So, without providing my judgment, I deduce from Apple’s management discussion that a hypothetical recession would “materially negatively affect the Company’s business, results of operations, and financial condition” through a variety of channels, including decreased consumer demand, higher interest rates, greater credit risk, a stronger USD, worldwide demand…, the list is extensive. According to the “risk factors” remark, Apple management does not believe Apple stock is recession-proof.
What is the probability of an imminent recession?
Given that AAPL is unlikely to be recession-proof, the top-down technique may be used to forecast its performance. The crucial element is estimating the likelihood of a recession correctly.
Again, we may acquire the recession likelihood straight from the NY Fed without having to form a judgment on an impending recession. The NY Fed used its logit model to forecast the likelihood of a recession over the next 12 months purely based on the spread between the 10-year Treasury bond and the 3-month Treasury bill. The recession likelihood grows when the 10y-3mo spread narrows towards zero. When it inverts to a specific threshold, an impending recession becomes nearly probable (very few false signals over a long period). In particular, when the projected recession risk surpasses 30%, a recession has occurred in all situations since 1961.
The NY Fed’s recession probability is 25.149% as of September 9, 2022. The 10y-3mo gap has shrunk since then, although it is still encouraging. However, as the Fed raises short-term interest rates on September 21, the 10y-3mo spread is expected to invert, pushing the recession probability beyond the 30% mark and signaling an impending recession.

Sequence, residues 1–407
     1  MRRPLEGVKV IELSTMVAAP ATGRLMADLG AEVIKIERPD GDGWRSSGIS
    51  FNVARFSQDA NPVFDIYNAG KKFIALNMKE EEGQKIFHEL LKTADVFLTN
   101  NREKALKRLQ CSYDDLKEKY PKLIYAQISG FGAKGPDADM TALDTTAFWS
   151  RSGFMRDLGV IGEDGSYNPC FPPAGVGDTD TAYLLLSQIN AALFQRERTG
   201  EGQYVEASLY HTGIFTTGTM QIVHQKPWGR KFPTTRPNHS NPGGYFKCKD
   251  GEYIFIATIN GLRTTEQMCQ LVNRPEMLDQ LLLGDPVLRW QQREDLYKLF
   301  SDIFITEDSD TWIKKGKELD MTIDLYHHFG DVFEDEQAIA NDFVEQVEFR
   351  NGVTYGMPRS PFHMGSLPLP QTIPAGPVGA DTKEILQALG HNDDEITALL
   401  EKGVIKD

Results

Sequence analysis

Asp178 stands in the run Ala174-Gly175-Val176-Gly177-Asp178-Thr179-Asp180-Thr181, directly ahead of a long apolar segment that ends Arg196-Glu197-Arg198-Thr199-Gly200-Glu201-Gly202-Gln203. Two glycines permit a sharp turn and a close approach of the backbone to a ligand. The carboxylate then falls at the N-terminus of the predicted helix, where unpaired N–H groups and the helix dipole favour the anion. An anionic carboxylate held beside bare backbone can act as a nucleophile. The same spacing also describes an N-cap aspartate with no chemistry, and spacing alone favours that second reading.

What kind of Company is Apple?
In the grand scheme of things, Apple is fundamentally a one-product firm. According to the most recent quarterly report, Apple 10Q July 29, 2022, iPhone accounts for about 50% of Apple’s revenues. Services account for approximately 25% of total sales, although these services are tied to the iPhone. Other goods are expected to be part of the iPhone ecosystem as well. (There is “someone I know” who has to buy a new laptop for school purposes, and when asked what sort of laptop he wants, the person responds Mac, so it can be connected to his Apple AirPods, which work with iPhone. And the same guy keeps requesting that I purchase extra cloud storage for his iPhone.)
Apple is also a global firm, with over 50% of revenues coming from the Americas, nearly 25% from Europe, and more than 15% from China. As a result, Apple is considered vulnerable to the dreadful economic situation in Europe, the geopolitical scenario in China, and the deteriorating economic position in the United States. As a result, Apple is dangerously exposed to the poor economic condition in the United States and worldwide. Analysts anticipate that Apple’s EPS will rise from $6.10 in 2022 to $6.44 in 2023, a 5.5% increase. Given the significant likelihood of a recession within the next 12 months, I believe this is an unreasonable projection. Not only should analysts reduce profit growth, but they should also consider factoring in earnings declines over the following 12 months, in my opinion.
More crucially, Apple’s future PE ratio, which considers current profits growth, is 24. This is probably overpriced for a firm with modest growth in its main product. However, given the extremely high likelihood of a recession, those predicted earnings will almost certainly be lowered, necessitating a significant price reduction, in my opinion.
According to the “risk statement” in Apple’s 10K filing, the Company is unlikely to be recession-proof. The likelihood of an impending recession is now relatively high. As a result, Apple’s financial performance is expected to suffer if a downturn occurs during the next 12 months.
On the other hand, Apple’s stock is unlikely to be priced for a recession. The value measures remain stretched, yet analysts continue to forecast 5.5% EPS growth in 2023.
As a result, I believe Apple’s stock has a substantial downside. Profit estimates likely reflect an impending recession, and the valuation multiple is expected to be reduced.
Featured Image – Megapixl © Hanhua